“Hair is truly one of the marvels of Blackness.”— Charlotte Mensah, Good Hair
Where it all begins. The scalp itself is multiple layers of skin, starting with the subcutaneous at the bottom where all the fat and blood vessels live, then the dermis with its collagen to strengthen and support the skin. And right at the top sits the epidermis, with the sole function of protecting those layers underneath. Hair grows from the dermis layer. “It’s important to hydrate the body from within,” advises celebrity hair stylist and founder of Hair Lounge salon, Charlotte Mensah, in her book Good Hair. “If you’re dehydrated, your body will supply little moisture to the upper layers of your skin, and you’ll have to rely on external moisturising products to hydrate the scalp.”
The hair follicle
Nestled in the dermis lies the follicle, surrounded by blood vessels that bring nutrients to it, and things with long Latin names like the arrector pili muscle (that makes hair stand up on end in the cold), and the sebaceous gland. “These can be found everywhere except our palms and soles of the feet,” writes Charlotte. “They produce sebum, our hair and skin’s natural oil that conditions them and acts as a barrier to prevent internal moisture loss – a healthy scalp produces an ounce of sebum every 100 days.”
We got deep into the hair growth cycle in another article, but we’ll add here that it all starts and ends right in the follicle. As hair is growing in the anagen phase, its base, or bulb, stays locked down into the follicle, and gradually detaches itself in the shedding phase.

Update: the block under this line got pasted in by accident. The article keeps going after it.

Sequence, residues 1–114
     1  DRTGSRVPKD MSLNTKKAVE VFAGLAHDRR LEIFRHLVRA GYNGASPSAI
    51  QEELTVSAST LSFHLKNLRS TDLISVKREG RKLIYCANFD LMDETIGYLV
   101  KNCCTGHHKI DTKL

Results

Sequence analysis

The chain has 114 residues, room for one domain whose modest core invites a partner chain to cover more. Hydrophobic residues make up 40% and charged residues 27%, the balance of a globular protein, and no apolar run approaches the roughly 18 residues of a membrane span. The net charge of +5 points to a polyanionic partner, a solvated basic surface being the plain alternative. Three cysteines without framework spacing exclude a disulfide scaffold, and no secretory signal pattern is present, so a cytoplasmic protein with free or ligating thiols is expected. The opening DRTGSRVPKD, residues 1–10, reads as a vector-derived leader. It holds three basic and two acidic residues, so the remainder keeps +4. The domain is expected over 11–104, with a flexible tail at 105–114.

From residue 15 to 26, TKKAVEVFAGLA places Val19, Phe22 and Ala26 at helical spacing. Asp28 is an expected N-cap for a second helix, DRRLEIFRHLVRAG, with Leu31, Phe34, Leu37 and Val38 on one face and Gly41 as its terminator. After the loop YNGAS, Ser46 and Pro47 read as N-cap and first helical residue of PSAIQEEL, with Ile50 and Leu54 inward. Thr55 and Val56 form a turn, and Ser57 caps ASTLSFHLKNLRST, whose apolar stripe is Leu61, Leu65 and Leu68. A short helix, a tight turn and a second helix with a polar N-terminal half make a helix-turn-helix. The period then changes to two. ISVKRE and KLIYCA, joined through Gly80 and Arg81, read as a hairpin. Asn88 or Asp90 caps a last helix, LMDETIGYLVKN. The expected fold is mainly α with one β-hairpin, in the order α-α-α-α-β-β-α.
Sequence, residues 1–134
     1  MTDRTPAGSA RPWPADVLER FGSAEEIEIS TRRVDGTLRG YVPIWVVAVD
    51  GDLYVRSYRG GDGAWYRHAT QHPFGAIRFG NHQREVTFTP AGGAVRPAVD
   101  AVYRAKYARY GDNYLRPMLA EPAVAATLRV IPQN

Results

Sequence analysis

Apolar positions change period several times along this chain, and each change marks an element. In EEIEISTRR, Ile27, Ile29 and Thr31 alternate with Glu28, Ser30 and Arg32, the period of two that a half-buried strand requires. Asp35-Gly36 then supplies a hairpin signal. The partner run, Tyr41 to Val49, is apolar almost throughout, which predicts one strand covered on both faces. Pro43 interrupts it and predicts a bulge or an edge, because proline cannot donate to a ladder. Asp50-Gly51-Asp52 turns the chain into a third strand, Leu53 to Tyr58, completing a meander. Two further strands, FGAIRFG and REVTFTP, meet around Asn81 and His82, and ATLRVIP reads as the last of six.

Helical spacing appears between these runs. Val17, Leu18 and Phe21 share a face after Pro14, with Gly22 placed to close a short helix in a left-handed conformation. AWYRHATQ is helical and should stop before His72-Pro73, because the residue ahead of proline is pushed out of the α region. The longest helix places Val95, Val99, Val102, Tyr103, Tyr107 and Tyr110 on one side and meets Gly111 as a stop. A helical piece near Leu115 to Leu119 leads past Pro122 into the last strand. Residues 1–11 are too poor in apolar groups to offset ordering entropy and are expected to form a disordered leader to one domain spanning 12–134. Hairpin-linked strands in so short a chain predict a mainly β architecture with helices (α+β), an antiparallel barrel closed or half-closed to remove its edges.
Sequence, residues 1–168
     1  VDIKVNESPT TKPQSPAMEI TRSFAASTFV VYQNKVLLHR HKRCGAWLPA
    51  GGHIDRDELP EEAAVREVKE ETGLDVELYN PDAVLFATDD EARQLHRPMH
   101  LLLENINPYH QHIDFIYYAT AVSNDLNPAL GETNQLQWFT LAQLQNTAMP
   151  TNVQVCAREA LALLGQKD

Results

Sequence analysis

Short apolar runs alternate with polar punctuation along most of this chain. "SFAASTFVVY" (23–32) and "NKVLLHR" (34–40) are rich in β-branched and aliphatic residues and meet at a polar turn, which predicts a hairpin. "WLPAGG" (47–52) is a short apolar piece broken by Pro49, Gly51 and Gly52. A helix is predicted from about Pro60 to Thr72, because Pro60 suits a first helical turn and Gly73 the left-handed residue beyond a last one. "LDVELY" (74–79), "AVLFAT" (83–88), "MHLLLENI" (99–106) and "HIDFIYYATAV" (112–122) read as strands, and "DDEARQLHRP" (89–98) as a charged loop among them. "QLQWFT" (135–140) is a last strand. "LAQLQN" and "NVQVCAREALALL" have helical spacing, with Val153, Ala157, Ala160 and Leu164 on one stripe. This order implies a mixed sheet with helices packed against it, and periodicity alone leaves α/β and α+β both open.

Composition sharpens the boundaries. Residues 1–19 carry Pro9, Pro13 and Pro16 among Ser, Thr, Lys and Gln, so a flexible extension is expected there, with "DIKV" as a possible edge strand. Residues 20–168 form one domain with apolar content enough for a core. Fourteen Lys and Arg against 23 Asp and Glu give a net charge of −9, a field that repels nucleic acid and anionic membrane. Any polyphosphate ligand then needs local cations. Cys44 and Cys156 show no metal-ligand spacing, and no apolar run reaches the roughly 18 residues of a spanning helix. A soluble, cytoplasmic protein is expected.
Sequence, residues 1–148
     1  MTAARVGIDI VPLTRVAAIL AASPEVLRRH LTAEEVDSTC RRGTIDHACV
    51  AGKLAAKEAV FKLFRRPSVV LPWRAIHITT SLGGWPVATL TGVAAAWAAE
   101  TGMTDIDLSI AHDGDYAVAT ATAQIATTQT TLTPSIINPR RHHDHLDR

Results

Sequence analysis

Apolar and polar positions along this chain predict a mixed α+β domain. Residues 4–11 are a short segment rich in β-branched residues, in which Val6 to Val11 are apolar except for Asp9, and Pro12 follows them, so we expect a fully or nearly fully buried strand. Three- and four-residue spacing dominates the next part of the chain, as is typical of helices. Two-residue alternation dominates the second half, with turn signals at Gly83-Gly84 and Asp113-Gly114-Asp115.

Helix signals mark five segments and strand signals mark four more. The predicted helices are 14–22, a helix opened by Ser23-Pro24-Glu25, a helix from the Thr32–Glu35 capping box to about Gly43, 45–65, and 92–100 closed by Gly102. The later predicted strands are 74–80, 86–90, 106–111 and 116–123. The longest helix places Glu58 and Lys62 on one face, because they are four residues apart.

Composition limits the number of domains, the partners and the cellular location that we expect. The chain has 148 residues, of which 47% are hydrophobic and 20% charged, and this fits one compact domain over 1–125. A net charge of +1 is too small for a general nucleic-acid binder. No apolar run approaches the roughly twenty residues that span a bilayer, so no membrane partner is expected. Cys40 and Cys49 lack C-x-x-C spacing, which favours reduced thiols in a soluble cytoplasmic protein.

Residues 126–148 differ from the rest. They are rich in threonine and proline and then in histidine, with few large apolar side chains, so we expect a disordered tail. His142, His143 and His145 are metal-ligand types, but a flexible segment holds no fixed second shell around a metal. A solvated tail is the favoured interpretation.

And as hair grows, it pushes out of the scalp and enters a brave new world (cute!) where we can do whatever we want with it. The deciding factor of whether this little baby hair will be curly or straight? The follicle hole it grows through. The more circular the shape, the straighter the hair. When it comes to understanding the follicular shape of curly and Afro hair, imagine the act of grabbing a pair of scissors and using the blade edge and your thumb to curl a plastic ribbon. The effect is pretty much the same – the follicle hole’s flatness puts the hair at an angle as it grows, leading to the coiled shape.
The hair shaft
This is all the hair we see from the scalp onwards, made up of dead skin cells that have been compressed and packed into a protein named keratin – just like our nails. The two couldn’t look more different, but need to be taken care of in nearly the same way: not too many chemicals and extensions, lots of hydration, conditioning with oils, and stimulated blood flow at the base.
But the follicle isn’t all when it comes to defining the hair texture. “Natural hair textures have an uneven build-up of keratin along the hair shaft,” writes Charlotte. “The hair bends where the keratin layers are heaviest and thins where they are less. This gives movement along the hair shaft.”
The shaft itself has three internal and external layers, which can be explained the best in our glossary: the empty-ish medulla at the centre, the cortex which determines the hair colour and strength, and the cuticle on the outside. The cuticle gets a lot of attention for deciding the shininess and softness of hair; it’s what silicones, conditioners and oils wrap around to seal, and what deep treatments and some oils (especially hot ones) try to penetrate to get to the cortex. With rough handling, heat-styling and chemical treatments, the sheaths of the cuticle become worn away, giving a dull look to the hair overall.
“The cortex, however, is the most significant layer of the hair as it makes the bulk of it,” writes Charlotte. And here’s where it gets really technical. “Afro and curly hair types have both a para and ortho cortex, meaning the structure of one side of a single hair differs from the other.” The ortho’s less dense and has less sulphur than the para, and also sits on the outside of the wave, causing different textures along one strand of hair. Read that back one more time and trust us, it’ll sink in.
Now that you have all the details you could ever need, head over to our hair type versus hair texture page, and book in with one of our hair gurus to get even more personalised in your newfound hair knowledge.
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